Islamic Cairo is the historical heart of the city. Its architecture dates back to Downtown, located in the middle of the modern part of the city, and extends north, south, and west towards the Pyramids of Giza.
When the Fatimids captured Egypt in 969 BC, they built a new capital north of the old capital, and this city became the center of the Caliphate government.
When exploring the historic wonders of Islamic Cairo, travelers often seek comfortable accommodations to complement their immersive experience. Fortunately, the vibrant city offers various lodging options, including boutique hotels in the heart of the bustling bazaars, luxurious resorts along the Nile, and charming guesthouses tucked away in maze-like alleyways. Among the many choices available, those searching for the Best Hotels in Cairo will find a diverse selection that caters to different preferences and budgets, ensuring a memorable stay amidst the rich cultural heritage of Islamic Cairo.
The History of Islamic Cairo:
The modern part is called Cairo, the name of this new city. Later, in 1168, the first Muslim city in Egypt, called Fustat, was burned to prevent the Crusaders from capturing Cairo.
Islamic Cairo is a living reminder of the city’s past, even though it is no longer in the center of it. Most ancient walls have fallen, but the city’s historic streets still contain hundreds of beautiful ruins and mosques.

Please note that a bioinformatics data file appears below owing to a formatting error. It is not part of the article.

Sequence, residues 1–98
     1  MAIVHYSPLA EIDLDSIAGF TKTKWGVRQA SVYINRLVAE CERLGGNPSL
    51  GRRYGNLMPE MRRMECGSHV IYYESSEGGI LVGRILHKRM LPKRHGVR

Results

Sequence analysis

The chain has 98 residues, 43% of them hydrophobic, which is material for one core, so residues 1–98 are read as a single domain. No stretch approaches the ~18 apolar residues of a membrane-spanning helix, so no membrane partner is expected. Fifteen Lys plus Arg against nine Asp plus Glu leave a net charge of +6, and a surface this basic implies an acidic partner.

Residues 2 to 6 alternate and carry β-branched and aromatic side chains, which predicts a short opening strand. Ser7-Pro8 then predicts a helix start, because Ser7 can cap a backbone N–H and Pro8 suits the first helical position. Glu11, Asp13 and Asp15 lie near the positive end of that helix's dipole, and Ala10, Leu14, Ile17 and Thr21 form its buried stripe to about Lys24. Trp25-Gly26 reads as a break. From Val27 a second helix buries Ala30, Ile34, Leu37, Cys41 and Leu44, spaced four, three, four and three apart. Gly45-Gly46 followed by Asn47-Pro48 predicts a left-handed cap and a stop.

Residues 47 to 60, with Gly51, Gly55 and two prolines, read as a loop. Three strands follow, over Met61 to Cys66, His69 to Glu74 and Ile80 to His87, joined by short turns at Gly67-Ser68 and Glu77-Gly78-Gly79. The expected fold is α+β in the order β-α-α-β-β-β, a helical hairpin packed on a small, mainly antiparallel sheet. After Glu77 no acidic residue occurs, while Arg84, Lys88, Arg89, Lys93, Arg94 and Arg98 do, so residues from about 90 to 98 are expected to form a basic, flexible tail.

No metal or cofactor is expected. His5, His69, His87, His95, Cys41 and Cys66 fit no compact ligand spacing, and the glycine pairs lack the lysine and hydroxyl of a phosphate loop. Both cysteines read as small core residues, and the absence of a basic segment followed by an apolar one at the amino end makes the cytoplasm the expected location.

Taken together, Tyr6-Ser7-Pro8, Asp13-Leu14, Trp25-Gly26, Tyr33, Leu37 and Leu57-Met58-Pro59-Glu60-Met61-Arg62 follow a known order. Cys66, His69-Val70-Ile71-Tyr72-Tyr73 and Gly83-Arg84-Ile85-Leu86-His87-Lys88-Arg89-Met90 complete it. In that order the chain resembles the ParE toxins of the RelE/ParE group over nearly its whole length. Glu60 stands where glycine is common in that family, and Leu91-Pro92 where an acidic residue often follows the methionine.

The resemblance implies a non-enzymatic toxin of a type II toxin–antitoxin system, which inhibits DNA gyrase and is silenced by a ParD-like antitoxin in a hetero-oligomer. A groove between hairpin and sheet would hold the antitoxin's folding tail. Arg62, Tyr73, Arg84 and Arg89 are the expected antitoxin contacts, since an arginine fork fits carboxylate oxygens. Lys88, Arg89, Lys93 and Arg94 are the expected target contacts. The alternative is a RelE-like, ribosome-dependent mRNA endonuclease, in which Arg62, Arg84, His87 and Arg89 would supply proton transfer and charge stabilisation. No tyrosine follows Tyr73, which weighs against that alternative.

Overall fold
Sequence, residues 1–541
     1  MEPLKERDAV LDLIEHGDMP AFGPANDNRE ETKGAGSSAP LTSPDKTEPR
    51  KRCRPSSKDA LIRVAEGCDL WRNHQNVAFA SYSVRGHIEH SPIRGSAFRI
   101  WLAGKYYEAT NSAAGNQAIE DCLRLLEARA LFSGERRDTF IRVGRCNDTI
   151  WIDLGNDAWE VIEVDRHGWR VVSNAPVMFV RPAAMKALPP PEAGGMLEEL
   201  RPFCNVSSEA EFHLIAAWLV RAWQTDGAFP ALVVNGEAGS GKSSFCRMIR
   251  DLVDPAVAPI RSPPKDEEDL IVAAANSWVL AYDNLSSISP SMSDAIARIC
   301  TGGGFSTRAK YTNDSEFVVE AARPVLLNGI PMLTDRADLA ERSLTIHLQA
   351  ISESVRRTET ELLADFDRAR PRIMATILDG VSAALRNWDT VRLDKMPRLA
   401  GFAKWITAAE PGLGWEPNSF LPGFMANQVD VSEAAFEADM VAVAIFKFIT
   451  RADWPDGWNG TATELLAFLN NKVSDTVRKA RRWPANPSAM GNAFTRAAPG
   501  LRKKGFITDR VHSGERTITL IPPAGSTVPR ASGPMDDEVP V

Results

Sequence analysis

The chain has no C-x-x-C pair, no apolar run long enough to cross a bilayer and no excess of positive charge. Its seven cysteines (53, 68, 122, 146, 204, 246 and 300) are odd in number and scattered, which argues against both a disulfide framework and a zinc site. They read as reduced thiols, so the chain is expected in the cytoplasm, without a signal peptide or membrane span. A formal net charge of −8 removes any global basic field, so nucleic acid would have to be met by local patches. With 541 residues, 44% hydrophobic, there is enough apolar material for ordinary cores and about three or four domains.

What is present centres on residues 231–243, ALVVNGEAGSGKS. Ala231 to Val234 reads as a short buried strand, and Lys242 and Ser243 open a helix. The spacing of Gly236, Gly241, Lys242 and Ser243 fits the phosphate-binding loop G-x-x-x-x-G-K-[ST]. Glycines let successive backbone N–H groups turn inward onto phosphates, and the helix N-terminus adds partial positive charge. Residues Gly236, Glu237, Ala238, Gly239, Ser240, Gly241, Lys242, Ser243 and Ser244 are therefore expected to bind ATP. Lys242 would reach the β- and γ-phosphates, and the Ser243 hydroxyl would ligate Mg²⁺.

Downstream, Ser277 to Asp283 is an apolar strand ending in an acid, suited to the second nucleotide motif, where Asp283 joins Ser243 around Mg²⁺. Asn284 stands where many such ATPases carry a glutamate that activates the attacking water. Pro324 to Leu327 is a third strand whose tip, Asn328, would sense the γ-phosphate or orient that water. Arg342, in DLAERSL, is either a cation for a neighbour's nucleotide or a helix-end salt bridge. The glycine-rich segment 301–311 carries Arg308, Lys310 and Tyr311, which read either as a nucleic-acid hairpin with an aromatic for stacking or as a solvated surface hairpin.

A big part of what makes Islamic Cairo unique as a historic district is how lively it is. Although palaces and administrative buildings were built quickly in Cairo when it was first planned, in the 12th century, the city’s population moved within the walls and never left.
Although the buildings are old and worn, Islamic Cairo remains one of Cairo’s most densely populated areas. Millions of Egyptians pass by her excellent background daily as they move on.
There are many nooks, crannies, and places of different sizes and levels of importance in these small streets. It is also still a busy commercial area, another part of this problem.
Islamic Cairo Highlights:
- Spend some time at Al-Azhar Mosque, which is just across the street. It has been the center of Sunni Islamic learning for over a thousand years.
- Look at the view from the Bain al-Qasrayn end, which is closest to the south. If you add some beauty, you might be in a 19th-century engraving.
- Compare the Ibn Tulun Mosque to the picture on your £5 bill and stop by the Gayer Anderson Museum, a private home with exciting artwork and collectibles next door.
- Shopping in Khan El Khalili.
- You can see the medieval area from the top of the minarets of Bab Zuweila.
Main Sights of Islamic Cairo:
El Muizz Street, which runs between Bab Al-Futuh and Bab Zuweila, the entrance to the original Fatimid city, has the most important historical sites in Islamic Cairo.
Many Fatimid and Mamluk buildings were built on the city’s main street. “Palace Walk,” a book by Naguib Mahfouz, was named after this street.